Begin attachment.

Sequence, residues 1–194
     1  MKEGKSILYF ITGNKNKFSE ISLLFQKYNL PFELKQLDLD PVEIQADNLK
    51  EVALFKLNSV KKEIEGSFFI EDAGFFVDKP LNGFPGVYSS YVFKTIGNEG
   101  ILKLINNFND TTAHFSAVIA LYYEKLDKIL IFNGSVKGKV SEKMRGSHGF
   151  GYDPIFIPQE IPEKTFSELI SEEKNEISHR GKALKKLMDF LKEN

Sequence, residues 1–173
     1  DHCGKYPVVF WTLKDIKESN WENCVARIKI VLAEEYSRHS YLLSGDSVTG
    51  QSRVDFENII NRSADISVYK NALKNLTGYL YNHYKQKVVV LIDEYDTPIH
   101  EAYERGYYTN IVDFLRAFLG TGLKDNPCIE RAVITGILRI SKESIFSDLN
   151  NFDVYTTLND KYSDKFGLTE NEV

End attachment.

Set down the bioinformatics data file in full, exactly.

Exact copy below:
Sequence, residues 1–194
     1  MKEGKSILYF ITGNKNKFSE ISLLFQKYNL PFELKQLDLD PVEIQADNLK
    51  EVALFKLNSV KKEIEGSFFI EDAGFFVDKP LNGFPGVYSS YVFKTIGNEG
   101  ILKLINNFND TTAHFSAVIA LYYEKLDKIL IFNGSVKGKV SEKMRGSHGF
   151  GYDPIFIPQE IPEKTFSELI SEEKNEISHR GKALKKLMDF LKEN

Sequence, residues 1–173
     1  DHCGKYPVVF WTLKDIKESN WENCVARIKI VLAEEYSRHS YLLSGDSVTG
    51  QSRVDFENII NRSADISVYK NALKNLTGYL YNHYKQKVVV LIDEYDTPIH
   101  EAYERGYYTN IVDFLRAFLG TGLKDNPCIE RAVITGILRI SKESIFSDLN
   151  NFDVYTTLND KYSDKFGLTE NEV